Curiosity has been on Mars for more than four years now, much longer than the primary mission of about 23 months. NASA builds ’em to last, though. Curiosity has sent back a wealth of data from Mars, but it can’t last forever. Indeed, it’s wheels are getting banged up, the ChemCam autofocus has gone wonky, and now Curiosity’s rock drill stopped working on December 1. Mission scientists have a better idea what’s going on with the drill, though they haven’t worked out if it’s fixable.
Curiosity has instruments to study the composition and structure of Martian geology, but it can only learn so much from scanning the surface. That’s why the rover was equipped with a percussion drill at the end of its 7-foot robotic arm. This allows Curiosity to extract samples from deeper layers of strata that haven’t been exposed the radiation on the surface. It’s been used to drill into 15 different targets so far. It’s an important tool for the rover as it climbs ever higher on Mount Sharp, so losing it would be a real blow to the mission.
The drill carries two spare drill bits in case one of them breaks, but the problem doesn’t appear to be the bit. Mission scientists originally narrowed the problem down to either the brake or electronic sensors that monitor the drill’s rotation. More recently, the issue has mostly been narrowed down to the brake. If they can’t get the brake to disengage correctly, the drill can’t be spun up.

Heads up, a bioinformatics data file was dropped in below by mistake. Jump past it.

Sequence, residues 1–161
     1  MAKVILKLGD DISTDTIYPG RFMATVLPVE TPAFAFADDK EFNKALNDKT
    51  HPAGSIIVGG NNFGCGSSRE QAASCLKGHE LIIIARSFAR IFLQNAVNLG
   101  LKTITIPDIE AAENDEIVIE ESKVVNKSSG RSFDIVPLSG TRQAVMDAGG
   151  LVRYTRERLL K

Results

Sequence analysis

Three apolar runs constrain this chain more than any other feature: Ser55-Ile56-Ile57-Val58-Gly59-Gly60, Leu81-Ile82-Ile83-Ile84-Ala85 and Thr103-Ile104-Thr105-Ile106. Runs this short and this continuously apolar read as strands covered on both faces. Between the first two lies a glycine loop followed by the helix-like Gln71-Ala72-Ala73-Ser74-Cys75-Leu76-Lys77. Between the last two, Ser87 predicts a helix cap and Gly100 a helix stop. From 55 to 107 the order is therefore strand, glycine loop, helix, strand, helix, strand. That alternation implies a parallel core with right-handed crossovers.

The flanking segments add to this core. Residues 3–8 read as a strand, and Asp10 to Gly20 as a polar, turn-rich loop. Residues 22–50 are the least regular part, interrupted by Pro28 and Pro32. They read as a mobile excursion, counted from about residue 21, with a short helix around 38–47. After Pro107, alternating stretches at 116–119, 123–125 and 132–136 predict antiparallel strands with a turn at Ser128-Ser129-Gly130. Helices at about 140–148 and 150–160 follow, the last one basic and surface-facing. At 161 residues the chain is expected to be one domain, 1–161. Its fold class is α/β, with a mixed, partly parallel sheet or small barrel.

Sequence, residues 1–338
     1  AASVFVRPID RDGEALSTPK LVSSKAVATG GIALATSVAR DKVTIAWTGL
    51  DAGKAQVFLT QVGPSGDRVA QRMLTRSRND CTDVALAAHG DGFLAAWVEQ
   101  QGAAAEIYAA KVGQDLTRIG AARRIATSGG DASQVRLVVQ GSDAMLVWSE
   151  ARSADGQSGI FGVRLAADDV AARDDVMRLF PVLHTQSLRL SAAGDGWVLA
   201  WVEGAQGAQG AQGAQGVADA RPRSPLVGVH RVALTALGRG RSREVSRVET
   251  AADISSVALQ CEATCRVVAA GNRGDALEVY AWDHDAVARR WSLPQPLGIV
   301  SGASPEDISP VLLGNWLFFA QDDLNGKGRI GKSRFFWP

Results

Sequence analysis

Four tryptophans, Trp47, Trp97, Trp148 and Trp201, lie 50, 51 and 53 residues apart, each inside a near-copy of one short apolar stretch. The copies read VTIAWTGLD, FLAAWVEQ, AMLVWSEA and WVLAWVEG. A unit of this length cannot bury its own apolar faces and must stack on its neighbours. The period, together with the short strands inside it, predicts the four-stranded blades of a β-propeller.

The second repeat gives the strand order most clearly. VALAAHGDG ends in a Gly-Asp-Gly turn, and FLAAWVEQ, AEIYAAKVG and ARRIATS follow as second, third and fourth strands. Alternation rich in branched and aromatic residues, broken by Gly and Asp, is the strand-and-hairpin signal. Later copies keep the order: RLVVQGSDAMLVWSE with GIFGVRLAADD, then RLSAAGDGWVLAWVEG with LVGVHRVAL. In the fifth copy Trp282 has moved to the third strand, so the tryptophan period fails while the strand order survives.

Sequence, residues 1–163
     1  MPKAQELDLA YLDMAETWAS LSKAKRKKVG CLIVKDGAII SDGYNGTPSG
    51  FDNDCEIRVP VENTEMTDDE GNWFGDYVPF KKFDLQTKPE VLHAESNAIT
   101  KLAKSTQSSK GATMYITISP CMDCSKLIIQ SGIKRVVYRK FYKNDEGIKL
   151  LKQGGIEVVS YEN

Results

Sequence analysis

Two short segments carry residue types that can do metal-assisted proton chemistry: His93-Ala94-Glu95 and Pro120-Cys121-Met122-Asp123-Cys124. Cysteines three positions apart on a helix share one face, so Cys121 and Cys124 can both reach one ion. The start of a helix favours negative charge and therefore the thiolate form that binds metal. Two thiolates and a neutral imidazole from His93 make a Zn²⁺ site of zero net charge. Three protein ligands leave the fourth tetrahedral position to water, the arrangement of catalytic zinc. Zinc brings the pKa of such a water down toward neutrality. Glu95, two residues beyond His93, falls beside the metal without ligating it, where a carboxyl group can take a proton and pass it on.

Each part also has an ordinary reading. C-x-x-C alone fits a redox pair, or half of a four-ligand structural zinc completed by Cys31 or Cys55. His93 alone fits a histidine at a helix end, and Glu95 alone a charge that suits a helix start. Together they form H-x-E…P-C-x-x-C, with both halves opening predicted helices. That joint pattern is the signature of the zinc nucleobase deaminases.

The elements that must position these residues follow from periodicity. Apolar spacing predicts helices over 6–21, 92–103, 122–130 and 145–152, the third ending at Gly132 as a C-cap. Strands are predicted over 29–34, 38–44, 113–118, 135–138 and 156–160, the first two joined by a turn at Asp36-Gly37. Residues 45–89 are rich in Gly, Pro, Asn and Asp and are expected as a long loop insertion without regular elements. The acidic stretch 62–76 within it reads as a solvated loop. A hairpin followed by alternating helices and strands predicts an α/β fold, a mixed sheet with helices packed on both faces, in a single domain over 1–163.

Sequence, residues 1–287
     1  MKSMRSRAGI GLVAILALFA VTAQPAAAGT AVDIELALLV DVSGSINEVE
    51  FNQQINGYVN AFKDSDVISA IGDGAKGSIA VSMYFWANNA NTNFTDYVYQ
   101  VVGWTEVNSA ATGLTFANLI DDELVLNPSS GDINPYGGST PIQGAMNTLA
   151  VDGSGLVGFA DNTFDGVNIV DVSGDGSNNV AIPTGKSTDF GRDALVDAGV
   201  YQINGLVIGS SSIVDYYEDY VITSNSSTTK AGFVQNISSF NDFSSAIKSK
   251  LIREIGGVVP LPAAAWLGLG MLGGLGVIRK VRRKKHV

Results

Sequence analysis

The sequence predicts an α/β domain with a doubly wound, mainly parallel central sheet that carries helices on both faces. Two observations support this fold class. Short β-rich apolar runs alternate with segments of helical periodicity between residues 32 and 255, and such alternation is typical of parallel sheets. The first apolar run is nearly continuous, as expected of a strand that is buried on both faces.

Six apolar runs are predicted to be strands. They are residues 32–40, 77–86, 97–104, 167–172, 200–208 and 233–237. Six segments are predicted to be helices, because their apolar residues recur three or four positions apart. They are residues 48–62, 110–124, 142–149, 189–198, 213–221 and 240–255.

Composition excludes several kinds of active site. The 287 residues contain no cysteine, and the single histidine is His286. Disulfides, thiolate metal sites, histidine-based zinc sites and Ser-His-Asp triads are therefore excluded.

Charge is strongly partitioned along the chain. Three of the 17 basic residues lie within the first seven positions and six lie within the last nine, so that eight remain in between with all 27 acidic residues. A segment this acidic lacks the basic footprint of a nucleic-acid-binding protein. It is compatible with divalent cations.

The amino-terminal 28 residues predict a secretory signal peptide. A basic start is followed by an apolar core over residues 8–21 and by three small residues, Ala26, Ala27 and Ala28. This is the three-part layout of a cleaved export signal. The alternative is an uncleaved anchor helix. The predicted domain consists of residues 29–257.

The team had some success since the issue first appeared on December 1st. Curiosity was able to get the mechanism working by moving the drill feed around — I suppose that’s the rover equivalent of jiggling the handle. However, the problem came back a few days later. The team is still looking at ways to potentially fix the drill, but Curiosity is on its own out there. There’s no one around to walk over and give it a kick.
This isn’t the first time Curiosity has had issues with the drill. There have been a number of short circuits that temporarily took the drill offline. When and if the current drill issue is resolved, the team plans to be gentler with the tool. As a “percussion” drill, it’s able to both hammer and rotate. They’ll try to stick to just rotating whenever possible. Testing on Earth suggests that just rotating should be sufficient to bore into softer rocks.
Even if the drill can’t be completely fixed, Curiosity can still be of use on Mars. It’s already covered more distance than all past rovers, and carries plenty of atmospheric sensors and cameras.